The pieces returned included, “I Love Antithesis,” from the Ronald Lauder Collection, valued at $2.75 million; “Standing Woman” from the MoMA, valued at $1.5 million; “Girl Putting on Shoe” from MoMa, valued at $1 million; “Self Portrait,” from the Morgan Library, valued at $1 million; “Portrait of the Artist’s Wife, Edith,” SBMA, valued at $1 million; “Portrait of a Boy,” the Vally Sabarsky Trust, valued at $780,000 and “Seated Woman,” the Vally Sabarsky Trust, valued at $1.5 million.
All the drawings are portraits of Schiele himself and others, including his wife, Edith. “I Love Antithesis” is one of four inscribed self-portraits he completed while imprisoned in 1912. “Portrait of a Boy” was a preparatory study for the 1910 oil portrait of the son of one of Schiele’s first patrons, an important early commission in his artistic career,
Bragg said, according to evidence presented to the institutions returning the seven pieces, Fritz Grünbaum possessed hundreds of artworks, including more than 80 Egon Schiele drawings.
“He was captured by the Nazis in 1938 after their invasion of Austria and was forced to execute a power of attorney while he was imprisoned in Dachau in favor of his wife, Elisabeth Grünbaum, who was later compelled to hand over his entire art collection to Nazi officials,” the DA’s office wrote.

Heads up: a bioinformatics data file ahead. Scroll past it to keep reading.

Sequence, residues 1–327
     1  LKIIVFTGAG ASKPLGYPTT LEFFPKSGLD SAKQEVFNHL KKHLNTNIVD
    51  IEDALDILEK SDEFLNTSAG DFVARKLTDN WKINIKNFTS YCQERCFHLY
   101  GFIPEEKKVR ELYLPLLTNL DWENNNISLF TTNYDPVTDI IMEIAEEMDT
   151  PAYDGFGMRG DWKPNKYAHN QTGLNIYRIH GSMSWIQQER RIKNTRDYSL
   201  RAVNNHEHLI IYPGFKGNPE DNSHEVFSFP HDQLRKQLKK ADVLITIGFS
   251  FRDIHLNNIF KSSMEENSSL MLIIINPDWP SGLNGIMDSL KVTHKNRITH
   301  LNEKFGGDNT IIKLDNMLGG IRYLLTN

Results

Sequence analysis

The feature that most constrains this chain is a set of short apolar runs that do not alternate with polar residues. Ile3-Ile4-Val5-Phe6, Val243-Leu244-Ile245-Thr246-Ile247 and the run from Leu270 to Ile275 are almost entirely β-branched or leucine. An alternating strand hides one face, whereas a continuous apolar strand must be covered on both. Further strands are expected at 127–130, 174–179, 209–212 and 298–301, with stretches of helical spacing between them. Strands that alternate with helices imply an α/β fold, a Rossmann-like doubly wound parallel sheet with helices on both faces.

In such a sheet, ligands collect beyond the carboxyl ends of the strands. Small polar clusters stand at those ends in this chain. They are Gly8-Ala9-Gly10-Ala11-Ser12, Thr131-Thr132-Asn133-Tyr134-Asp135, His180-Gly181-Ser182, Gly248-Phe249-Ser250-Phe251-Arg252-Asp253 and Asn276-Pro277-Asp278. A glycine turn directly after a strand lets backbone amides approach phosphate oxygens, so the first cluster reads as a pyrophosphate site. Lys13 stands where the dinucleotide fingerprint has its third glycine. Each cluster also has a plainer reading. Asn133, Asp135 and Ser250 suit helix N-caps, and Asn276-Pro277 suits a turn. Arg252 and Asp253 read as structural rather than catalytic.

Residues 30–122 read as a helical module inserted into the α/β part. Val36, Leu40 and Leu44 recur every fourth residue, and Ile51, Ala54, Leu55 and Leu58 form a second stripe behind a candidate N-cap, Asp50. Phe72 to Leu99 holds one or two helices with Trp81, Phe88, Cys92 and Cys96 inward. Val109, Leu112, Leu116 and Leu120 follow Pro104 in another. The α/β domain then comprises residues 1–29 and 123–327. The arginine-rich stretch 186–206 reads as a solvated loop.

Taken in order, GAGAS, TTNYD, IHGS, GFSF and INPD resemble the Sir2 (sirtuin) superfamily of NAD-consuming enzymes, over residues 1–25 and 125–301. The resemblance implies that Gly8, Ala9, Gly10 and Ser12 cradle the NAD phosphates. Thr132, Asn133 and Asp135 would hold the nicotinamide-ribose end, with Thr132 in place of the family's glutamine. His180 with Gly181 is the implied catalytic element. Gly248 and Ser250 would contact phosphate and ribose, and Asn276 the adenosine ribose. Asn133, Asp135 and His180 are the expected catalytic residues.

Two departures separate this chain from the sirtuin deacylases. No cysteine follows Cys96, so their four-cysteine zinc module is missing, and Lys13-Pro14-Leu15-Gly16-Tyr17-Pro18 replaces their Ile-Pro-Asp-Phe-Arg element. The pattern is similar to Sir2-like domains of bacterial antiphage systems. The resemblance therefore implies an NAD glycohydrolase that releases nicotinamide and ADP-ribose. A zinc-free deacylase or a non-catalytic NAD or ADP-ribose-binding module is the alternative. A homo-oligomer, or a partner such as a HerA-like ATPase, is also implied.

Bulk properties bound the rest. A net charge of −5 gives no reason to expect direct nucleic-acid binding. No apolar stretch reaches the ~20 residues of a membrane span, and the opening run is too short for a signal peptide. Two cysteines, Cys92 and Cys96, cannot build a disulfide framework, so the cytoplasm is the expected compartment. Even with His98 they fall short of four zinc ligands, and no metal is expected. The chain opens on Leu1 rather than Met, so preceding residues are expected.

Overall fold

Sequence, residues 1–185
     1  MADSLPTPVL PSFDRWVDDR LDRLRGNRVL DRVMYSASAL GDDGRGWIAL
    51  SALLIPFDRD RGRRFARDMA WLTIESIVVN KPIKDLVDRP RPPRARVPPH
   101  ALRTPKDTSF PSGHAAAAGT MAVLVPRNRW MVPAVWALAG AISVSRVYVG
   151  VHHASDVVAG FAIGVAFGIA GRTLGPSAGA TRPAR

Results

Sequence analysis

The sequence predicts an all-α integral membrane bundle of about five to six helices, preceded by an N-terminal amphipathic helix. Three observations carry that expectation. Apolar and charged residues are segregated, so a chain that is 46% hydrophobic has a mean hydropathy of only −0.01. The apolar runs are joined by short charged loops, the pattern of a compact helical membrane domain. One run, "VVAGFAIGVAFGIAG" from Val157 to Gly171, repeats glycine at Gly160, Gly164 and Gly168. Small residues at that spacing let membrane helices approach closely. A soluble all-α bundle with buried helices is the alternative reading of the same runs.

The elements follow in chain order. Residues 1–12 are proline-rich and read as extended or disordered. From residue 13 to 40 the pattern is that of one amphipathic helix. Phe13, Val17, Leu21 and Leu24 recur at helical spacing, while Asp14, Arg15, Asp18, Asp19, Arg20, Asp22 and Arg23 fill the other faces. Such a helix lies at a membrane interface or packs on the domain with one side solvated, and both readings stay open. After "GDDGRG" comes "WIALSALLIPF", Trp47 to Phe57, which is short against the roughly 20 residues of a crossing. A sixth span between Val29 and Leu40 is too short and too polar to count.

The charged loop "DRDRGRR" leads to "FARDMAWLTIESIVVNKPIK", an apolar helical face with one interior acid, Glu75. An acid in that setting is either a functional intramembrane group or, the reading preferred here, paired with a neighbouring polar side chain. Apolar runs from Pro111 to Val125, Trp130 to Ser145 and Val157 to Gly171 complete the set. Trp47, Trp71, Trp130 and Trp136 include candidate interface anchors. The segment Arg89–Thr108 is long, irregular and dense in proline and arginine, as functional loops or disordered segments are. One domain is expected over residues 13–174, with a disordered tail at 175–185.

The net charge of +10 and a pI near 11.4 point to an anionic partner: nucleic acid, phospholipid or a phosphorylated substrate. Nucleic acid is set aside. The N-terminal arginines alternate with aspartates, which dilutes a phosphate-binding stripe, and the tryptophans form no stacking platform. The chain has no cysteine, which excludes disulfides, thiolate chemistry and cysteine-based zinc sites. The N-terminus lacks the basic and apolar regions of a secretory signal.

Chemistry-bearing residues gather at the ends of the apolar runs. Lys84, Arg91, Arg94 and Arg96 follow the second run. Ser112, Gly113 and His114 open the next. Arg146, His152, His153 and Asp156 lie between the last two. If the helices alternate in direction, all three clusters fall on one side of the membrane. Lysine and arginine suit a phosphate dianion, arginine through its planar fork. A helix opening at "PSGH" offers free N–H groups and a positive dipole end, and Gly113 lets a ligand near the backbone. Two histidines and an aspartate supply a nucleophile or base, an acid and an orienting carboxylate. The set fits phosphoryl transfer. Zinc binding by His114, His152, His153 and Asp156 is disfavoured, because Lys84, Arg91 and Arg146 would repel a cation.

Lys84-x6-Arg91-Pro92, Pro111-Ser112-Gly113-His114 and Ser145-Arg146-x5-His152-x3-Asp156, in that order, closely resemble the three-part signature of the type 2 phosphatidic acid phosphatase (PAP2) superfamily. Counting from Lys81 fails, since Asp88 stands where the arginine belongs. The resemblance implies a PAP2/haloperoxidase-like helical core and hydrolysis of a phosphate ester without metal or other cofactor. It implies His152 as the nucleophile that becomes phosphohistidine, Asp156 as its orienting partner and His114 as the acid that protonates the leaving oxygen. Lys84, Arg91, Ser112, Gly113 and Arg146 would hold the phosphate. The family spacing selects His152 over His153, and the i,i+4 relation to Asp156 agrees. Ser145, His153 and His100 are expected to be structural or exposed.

The story notes “Grünbaum’s collection was inventoried by art historian and Nazi-party member Franz Kieslinger and then impounded in the Nazi-controlled warehouse Schenker & Co A.G. in September 1938.
“All works by Schiele had been declared degenerate and many of the confiscated works were auctioned or sold abroad to finance the Nazi Party. The whereabouts of Grünbaum’s Schiele collection was unknown after World War II until they reappeared at a Swiss Auction House, Gutekunst & Klipstein (G&K), in the 1950’s.
“In 1947, the U.S. State Department was concerned about the influx of Nazi-looted art and specifically warned galleries and museums to be especially vigilant of any art coming to the US during or after the war from Austria, among other countries.”
Bragg’s office wrote, “In 1956, the seven artworks reappeared in Bern, Switzerland, and were sold by Eberhard Kornfeld, the owner of G&K, who died in April 2023. During the war, Hitler’s personal art curator, Hildebrand Gurlitt, was authorized to sell off degenerate artwork that had been seized by the Nazi government as part of Goebbels’s program.
“Then, in the decades after the war, Kornfeld established a close business relationship with Hildebrand Gurlitt’s son Cornelius, from whom Kornfeld received hundreds of Nazi-looted artworks stolen from Holocaust victims.
“In 1956 Kornfeld sold most of Grünbaum’s Schiele’s to Otto Kallir, the owner of the NYC-based Gallery Galerie St. Etienne, with no provenance whatsoever. Kallir himself knew the artworks had belonged to Fritz Grünbaum because Kallir had seen the artworks in Fritz Grünbaum’s Vienna apartment when Kallir had them displayed for an exhibition at Kallir’s Neue Gallery in Vienna in 1928.